Helpful tips and funny thoughts from a musician's mind

Seven ways to help your child practice more effectively

Seven ways to help your child practice more effectively

It’s no big surprise that most kids love music, but hate practicing. We often sell practice negatively, whether we mean to or not. We paint it as work (which is true), but fail to emphasize the room for discovery, improvement and fun within that work.

Like any good habit, practicing won’t be fun or convenient every single time your child picks up his or her instrument. However, with the right attitude, it can be not only enjoyable, but a creative outlet, a stress reliever and a channel for personal growth!

Here are a few quick ideas to help your young musician stay on task.


1.  SCHEDULE PRACTICE TIME ON YOUR FAMILY CALENDAR. We understand how busy a week can get, but don’t let practicing fall through the cracks! Writing something on the calendar reinforces the importance of practicing to your child. It will also remind you, the parent, to check in and keep your child accountable!


2.  BUILD UP TO LONGER PRACTICE TIMES. Is your child a wiggle worm? Start by having them practice in small increments and build up the time as they become more self-motivated. Even ten minutes a day can make a big difference! As your child can handle more time, add five minutes to the clock. Can you build up to twenty minutes a day? Thirty?


3.  ENCOURAGE THEM TO EXPLORE — AFTER THE WORK IS DONE. If your child is playing the same two or three songs in lessons, he or she might be getting bored. Help your child find something fun to learn on his or her own–maybe a pop song or a clip from a movie soundtrack. After they’ve practiced their assigned songs, let them play around with the “fun music.” You can even encourage them to make up their own tunes! A bit of creativity can make practicing more fun–and your child will be refining his or her technique along the way.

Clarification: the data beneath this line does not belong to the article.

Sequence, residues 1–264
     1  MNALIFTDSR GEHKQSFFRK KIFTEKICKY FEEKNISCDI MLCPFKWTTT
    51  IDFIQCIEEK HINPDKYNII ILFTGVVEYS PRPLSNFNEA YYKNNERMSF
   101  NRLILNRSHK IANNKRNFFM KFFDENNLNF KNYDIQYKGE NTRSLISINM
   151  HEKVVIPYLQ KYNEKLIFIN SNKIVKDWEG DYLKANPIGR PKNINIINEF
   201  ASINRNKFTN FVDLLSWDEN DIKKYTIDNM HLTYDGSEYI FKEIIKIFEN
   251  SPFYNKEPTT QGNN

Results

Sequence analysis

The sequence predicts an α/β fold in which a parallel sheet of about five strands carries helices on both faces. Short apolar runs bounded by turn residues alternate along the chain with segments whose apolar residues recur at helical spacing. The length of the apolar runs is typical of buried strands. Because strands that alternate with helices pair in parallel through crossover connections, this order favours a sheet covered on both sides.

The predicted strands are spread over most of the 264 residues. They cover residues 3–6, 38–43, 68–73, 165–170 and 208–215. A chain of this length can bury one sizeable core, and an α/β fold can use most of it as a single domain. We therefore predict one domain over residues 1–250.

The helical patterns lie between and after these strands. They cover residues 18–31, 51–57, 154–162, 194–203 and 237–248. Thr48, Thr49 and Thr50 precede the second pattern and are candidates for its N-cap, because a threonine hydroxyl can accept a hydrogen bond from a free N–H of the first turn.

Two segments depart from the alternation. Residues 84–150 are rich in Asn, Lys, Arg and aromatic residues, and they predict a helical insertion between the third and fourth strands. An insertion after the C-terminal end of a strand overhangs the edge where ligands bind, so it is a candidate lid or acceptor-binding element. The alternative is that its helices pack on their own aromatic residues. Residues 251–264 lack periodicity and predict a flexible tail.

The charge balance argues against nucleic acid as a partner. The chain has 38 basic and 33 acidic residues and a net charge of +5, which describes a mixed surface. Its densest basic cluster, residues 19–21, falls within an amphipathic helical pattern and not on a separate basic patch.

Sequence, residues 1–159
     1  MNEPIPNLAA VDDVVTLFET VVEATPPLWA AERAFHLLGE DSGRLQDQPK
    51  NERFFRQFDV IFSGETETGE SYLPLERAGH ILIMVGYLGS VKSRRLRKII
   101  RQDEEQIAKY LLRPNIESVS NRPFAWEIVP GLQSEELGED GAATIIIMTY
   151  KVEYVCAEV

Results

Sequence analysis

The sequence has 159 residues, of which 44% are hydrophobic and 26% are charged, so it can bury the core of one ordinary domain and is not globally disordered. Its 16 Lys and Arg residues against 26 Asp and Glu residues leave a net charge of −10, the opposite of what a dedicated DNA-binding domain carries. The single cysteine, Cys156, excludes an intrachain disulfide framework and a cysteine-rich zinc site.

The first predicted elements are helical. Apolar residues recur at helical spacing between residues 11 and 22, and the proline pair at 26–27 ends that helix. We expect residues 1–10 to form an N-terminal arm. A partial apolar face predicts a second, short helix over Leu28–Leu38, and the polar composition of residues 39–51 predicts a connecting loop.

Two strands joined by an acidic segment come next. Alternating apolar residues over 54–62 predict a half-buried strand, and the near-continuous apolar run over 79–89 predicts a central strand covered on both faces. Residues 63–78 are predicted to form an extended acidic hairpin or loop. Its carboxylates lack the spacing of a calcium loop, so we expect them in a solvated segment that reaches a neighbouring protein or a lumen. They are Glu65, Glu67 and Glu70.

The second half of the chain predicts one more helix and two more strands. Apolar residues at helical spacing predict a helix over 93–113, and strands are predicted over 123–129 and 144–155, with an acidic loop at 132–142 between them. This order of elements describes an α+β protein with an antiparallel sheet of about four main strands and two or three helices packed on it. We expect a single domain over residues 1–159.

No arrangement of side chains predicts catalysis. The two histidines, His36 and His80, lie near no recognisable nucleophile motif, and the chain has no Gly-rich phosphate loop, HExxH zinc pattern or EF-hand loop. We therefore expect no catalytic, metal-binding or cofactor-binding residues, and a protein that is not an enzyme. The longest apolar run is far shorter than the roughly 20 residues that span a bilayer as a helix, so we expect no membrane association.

4.  HANDLE “BURNOUT” CREATIVELY. Everybody’s brain checks out eventually. Would a healthy snack help your child focus? What about stretching beforehand? If your child has had a long day, maybe he or she needs a “wiggle break” in the middle of practice time. One of my students practices 20 minutes per day–ten when she gets home from school and ten after dinner. Her parents have found that when they split up her practice session, she spends more time focused on the music and less time watching the clock.


5. FRAME PRACTICE AS A PRIVILEGE, NOT A CHORE. Instead of “You have to practice more,” try saying, “You get to take a break from homework and play some music!” If you frame practicing as a break, reward, or enjoyable task instead of one more thing on the laundry list, your child may be more enthusiastic about that thirty-minute window.


6. BE A CHEERLEADER. Total disclosure–even music teachers get tired of hearing the same song 75 times a day. It can be easy to “check out” while your child is playing “Twinkle Twinkle Little Star” in her room for the seventh day in a row. But don’t! Instead, find honest ways to praise your child– “The song is much smoother now!” or “I like that melody!” A little bit of praise goes a long way!


7. TALK TO YOUR CHILD’S TEACHER. If you’re really struggling to “find a groove” for practicing at home, reach out to your child’s school instructor or private lessons instructor. Most teachers interact with dozens of students per week–including kids who don’t practice much. Ask those teachers for advice! I guarantee they can help.


At Learning Allegro, we encourage students to love music in every situation, including school bands, private lessons, and independent study. For more information about toddler music classes, private instrument lessons and art sessions at Learning Allegro, visit our website.

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